Wednesday, August 13, 2014

What’s your opinion on having students call you by your first name? A student responds

What’s your opinion on having students call you by your first name? A twelve word, simple sentence launched an all out comment war. The opinions are radically different, but all are supported and equally respected in the BATs community. Three hours and 416 comments later I decide that now is an appropriate time to toss my two cents into the wishing well. 

I wish adults would recognize not only myself, but my peers as legitimate actors in this place we call society. I felt disheartened by a few comments that stated that children and teachers are not equal therefore all students MUST call his/her teacher by his/her last name. My problem does not stem from whether or not I call my teacher by first or last name but that a college degree separates me from being consider an equal. Honestly, what so different between us? We both have ideas, opinions, thoughts, and ways to express all of those. We both breathe the same air, drink the same water and live on the same earth. The meaning of equality is not that I am equal to you because I have worked as hard as you have, or because I hold the same degree as you. The meaning of equality is that I am equal to you because we are all human. We are all here on this planet together, and that establishes us as equals. I should not have to work or fight for that. 

I wish that instead of basing respect off of what someone calls us, we base respect off of relationships and bonds formed in the classroom. If a teacher tells me it's okay to call him by his first name then I do not respect him any less than I would if he asked me to call him by his last name. If a teacher feels that addressing him by his first name is disrespectful then as a student I will accept that. My respect for my teacher is not based on his/her name, but the way I am treated in the classroom, the way education is approached in the classroom, and the care and (sometimes tough) love I receive in the classroom. I want to enjoy learning so in most cases I do not focus on a frivolous detail such as my teacher’s name. 

I wish that instead of waging a war against each other we can collectively confront the forces that continue to push against your profession and my education. We have to be clear that we are not two ships sailing in the dark, we are in the same ocean, region, boat, and cabin of this ship. If we do not realize that this is a collective struggle and start standing with each other then public education will continue to sink at a faster rate than the titanic. Until we come together as one force we will continue to hit icebergs such as Cami Anderson, John Deasy, William Hite, Rahm Emanuel, Michelle Rhee, and Arne Duncan. 

As a student who has organized and mobilized thousands of students for walkouts, boycotts, street shutdowns, and even sat in the board of education for 17 hours in order to protect the profession of education, it bothers me that just because I'm not 18 years old, or just because I do not hold a degree, or just because I am your student I am less than you. As an aspiring teacher I write this out of love for the continuous process of being a life long learner and out of the love for public education.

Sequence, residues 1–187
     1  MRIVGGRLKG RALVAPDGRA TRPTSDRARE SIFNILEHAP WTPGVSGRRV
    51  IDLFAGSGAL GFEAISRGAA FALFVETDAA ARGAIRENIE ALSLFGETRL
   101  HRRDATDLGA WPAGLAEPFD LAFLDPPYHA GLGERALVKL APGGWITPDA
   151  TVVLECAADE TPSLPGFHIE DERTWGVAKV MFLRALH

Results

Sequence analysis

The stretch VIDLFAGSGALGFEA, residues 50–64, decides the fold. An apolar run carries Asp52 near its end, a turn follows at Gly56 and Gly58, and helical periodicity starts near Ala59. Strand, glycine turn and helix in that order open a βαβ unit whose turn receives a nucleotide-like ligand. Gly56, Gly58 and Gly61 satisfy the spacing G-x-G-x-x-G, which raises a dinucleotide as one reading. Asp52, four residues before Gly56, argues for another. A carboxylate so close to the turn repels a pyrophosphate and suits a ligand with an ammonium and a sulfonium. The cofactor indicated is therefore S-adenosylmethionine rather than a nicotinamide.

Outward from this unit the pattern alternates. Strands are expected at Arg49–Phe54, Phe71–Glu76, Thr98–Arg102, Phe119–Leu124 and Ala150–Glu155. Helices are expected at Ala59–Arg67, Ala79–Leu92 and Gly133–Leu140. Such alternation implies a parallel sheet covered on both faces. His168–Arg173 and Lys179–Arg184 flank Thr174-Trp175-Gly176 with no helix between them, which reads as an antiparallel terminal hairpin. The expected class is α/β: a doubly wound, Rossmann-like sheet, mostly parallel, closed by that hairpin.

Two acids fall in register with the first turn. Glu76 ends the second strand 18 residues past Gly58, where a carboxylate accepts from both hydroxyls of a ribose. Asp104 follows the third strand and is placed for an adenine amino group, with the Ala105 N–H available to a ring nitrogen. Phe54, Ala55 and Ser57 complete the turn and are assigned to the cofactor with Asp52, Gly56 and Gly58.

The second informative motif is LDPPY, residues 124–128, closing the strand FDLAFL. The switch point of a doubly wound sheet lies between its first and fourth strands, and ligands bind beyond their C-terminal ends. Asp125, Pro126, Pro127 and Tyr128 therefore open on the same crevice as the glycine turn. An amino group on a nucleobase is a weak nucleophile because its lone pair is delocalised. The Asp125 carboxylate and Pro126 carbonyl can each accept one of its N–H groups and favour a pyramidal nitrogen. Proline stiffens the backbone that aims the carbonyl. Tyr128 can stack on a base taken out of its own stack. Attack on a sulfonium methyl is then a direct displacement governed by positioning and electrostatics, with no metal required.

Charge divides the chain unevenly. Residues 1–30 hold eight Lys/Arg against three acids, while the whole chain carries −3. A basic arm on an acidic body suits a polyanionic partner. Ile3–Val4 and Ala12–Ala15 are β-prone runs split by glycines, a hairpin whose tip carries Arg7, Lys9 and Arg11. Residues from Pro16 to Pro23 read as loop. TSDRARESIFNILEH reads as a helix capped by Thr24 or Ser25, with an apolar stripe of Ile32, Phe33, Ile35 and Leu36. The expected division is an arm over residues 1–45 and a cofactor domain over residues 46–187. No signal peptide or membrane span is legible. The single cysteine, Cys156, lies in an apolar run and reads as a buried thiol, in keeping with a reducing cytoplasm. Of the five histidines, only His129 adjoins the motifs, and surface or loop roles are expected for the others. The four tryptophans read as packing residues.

- Kristin Kowkaniuk ~ President of Newark Students Union


  1. This is wonderful Kristin. Thank you for using your student voice. Please never remain silent. ^o^

  2. Kristin, I appreciate you and the rest of the students in the Newark Students Union. Feel free to call me by my name anytime you want!

    From a fellow Kristin

  3. Kudos to you, Miss Kowtanluk! And kudos to every adult that has ever inspired you or influenced you to become the thoughtful young woman you are today. Excellent piece of writing!

  4. Bravo, Kristin! Beautifully and powerfully stated.

  5. Kristen,

    I agree with your sentiments and admire your activism.

    I would not, however, encourage students to use my first name.

    Teachers generally have more power than students, not due to any personal superiority but due to the socially sanctioned role they fulfill. Teachers have an obligation to refrain from using their students to fulfill needs (whether social, emotional, or sexual) that should be fulfilled by other adults. Obviously, some teachers respect these boundaries while using their first names, and others violate them while styling themselves Mr. or Ms. So-And-So.

    For me, however, using the more formal version of my name is a way of reminding myself and my students of the responsibilities I must fulfill and of the boundaries I must respect as I play a very specific role in their lives.

    When I was a senior in high school, I had the highest SAT score in my congressional district, and thus was able, in turn, to recognize one of my former teachers for his excellence. I selected a teacher I had had in middle school, a man who has had a huge (positive) influence on the course of my life.

    He gave me a ride to the award ceremony. During this car trip, he informed me that now that I was an adult, we could be friends. He told me to call him by his first name. He then told me about details of his sexual history that I would definitely have preferred NOT to know about. At the time I was 18 and no longer his student, but I would have much preferred that he continue to treat me more like a student and less like a . . . very close, very adult, friend?

    Again, I don't think the first name/last name thing is the make-or-break issue here, but there is a boundary between students and teachers that should be respected. For me, the use of my last name affirms the special character of that relationship.


Note: Only a member of this blog may post a comment.